How many of your BONEBRIDGE patients did already have to undergo an MRI? What is more frequently needed—head or body MRI?

L. Lassaletta: As far as I recall, only one BB patient has undergone a head MRI. In the early days we were consulted for every MRI in patients with any implants. The radiologists are getting more used to it, so now it happens just sometimes.

J. Gavilán: Since one of our main indications for BB is patients with acoustic tumors, MRI is frequently required for their follow-up. Apart from this, most persons will need an MRI in their lifetime. This includes MRI for any medical condition affecting any part of the body. Therefore, MRI compatibility is a must in hearing implants.

Every time that a previously operated patient needs MRI we are asked about the implications of the imaging study on his or her previous operation.

Did you ever have a patient in whom a diagnosis initially was not possible but thanks to MARS it was?
C. Utrilla & P. García Raya: Indeed, we have a patient who suffers from epilepsy due to a cortical malformation (polymicrogyria). MRI was performed after a middle ear implant was placed and in the single sequence that we found that the polymicrogyria was bilateral was in the MAVRIC.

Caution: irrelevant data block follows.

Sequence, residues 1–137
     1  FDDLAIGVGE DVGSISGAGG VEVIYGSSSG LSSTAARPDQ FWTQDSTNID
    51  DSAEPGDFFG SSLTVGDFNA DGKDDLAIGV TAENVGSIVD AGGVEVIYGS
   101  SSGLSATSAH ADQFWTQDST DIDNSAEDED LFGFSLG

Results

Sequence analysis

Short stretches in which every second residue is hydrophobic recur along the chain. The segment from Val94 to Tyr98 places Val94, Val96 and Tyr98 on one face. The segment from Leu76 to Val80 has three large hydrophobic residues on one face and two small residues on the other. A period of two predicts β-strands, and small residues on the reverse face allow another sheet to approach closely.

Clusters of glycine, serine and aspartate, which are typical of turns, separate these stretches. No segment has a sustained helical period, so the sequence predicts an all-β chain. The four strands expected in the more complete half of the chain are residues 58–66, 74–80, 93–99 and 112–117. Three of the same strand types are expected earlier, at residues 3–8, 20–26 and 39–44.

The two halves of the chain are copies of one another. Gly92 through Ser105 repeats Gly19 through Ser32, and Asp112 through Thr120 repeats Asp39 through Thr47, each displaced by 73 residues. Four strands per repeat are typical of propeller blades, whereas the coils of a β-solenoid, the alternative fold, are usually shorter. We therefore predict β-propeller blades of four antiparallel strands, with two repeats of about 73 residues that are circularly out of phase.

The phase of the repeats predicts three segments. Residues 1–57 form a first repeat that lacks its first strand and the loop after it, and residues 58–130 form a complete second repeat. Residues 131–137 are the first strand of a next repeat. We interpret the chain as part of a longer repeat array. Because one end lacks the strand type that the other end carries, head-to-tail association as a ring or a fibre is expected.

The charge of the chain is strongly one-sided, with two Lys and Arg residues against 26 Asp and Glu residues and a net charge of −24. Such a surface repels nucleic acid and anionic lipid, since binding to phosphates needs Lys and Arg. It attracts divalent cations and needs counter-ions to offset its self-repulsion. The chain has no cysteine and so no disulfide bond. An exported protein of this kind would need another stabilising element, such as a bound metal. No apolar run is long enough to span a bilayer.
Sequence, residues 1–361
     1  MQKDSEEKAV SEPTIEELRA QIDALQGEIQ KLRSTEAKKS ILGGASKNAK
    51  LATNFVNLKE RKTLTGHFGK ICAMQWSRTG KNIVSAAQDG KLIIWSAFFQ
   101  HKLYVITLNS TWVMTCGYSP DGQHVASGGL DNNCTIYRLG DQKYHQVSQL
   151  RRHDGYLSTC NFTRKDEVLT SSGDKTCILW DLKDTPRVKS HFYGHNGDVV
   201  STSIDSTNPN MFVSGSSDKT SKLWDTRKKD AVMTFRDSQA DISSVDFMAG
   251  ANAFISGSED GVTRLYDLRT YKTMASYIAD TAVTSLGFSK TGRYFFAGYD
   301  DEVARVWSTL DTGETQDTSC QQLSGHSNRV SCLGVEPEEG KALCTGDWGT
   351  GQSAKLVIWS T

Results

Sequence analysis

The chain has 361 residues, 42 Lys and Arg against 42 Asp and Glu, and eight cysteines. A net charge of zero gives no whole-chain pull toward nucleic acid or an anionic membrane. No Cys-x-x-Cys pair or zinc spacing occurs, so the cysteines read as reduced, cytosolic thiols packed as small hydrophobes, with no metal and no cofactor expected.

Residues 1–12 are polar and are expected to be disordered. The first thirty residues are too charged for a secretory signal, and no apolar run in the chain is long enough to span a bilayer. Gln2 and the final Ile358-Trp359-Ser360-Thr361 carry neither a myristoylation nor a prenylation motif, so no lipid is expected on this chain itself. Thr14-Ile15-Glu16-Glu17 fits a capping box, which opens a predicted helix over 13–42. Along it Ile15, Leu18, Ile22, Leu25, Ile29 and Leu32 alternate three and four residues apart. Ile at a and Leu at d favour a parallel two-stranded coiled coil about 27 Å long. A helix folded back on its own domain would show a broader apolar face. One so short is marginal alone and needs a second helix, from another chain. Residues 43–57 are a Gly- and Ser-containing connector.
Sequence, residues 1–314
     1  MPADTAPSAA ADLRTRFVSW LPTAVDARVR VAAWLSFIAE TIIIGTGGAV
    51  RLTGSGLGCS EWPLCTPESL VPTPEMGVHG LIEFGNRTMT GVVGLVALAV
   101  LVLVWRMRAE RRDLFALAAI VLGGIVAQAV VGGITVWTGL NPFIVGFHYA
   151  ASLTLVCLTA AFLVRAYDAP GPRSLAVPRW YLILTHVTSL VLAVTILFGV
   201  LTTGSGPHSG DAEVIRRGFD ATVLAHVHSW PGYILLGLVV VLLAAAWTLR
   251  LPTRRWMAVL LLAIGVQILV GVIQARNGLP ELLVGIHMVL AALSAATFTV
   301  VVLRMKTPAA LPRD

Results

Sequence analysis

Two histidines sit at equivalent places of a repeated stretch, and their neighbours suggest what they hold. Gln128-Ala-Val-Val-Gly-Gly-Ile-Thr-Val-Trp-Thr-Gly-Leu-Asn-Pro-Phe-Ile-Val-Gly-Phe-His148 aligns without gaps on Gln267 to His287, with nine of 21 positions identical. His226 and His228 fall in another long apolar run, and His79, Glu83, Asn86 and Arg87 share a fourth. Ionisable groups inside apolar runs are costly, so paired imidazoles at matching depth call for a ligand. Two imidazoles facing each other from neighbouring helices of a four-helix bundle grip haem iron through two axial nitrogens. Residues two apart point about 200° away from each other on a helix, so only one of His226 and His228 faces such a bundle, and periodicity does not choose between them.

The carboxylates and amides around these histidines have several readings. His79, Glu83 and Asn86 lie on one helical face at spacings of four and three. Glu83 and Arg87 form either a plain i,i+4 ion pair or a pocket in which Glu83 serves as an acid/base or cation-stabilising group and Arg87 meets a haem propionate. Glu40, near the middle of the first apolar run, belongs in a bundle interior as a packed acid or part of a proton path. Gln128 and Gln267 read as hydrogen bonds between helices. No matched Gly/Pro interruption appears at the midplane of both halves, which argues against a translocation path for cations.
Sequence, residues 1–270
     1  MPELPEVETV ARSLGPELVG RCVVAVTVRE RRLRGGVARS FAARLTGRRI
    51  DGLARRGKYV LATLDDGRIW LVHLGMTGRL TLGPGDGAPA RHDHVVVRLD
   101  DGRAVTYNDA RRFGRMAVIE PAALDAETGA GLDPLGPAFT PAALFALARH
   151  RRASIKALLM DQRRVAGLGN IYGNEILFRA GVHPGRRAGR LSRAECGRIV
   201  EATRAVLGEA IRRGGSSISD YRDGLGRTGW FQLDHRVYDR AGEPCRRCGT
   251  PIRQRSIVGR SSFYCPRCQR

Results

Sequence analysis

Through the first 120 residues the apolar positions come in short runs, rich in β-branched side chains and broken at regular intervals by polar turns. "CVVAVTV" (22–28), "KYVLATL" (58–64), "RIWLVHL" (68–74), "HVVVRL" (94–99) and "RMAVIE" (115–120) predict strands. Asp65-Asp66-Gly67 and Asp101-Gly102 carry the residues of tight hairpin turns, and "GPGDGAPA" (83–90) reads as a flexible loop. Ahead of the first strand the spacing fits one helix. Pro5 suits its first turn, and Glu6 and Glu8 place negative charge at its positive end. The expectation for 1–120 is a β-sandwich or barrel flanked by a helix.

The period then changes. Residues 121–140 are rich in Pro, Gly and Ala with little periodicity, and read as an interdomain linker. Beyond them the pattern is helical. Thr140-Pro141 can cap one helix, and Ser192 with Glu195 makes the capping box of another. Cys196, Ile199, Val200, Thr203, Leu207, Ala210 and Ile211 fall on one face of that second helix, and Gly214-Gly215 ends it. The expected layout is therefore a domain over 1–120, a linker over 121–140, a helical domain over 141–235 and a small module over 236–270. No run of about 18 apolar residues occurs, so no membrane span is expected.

Axial T2 and Axial PD MAVRIC showing bilateral silvian fissure polymicrogyria in patient with a middle ear implant

Left: Axial T2 left silvian fissure polymicrogyria in patient with a middle ear implant. Right: Axial PD MAVRIC showing bilateral silvian fissure polymicrogyria in patient with a middle ear implant.

By how many percent can the artifact of the BONEBRIDGE be reduced when MARS are used?
C. Utrilla & P. García Raya: We value the artifact surrounding the implant both quantitative and qualitative.

We calculate the radius measured from the geometrical center of the implant to the limit where we can evaluate the cerebral parenchyma. In our cases the artifact was reduced approximately 20 to 25%.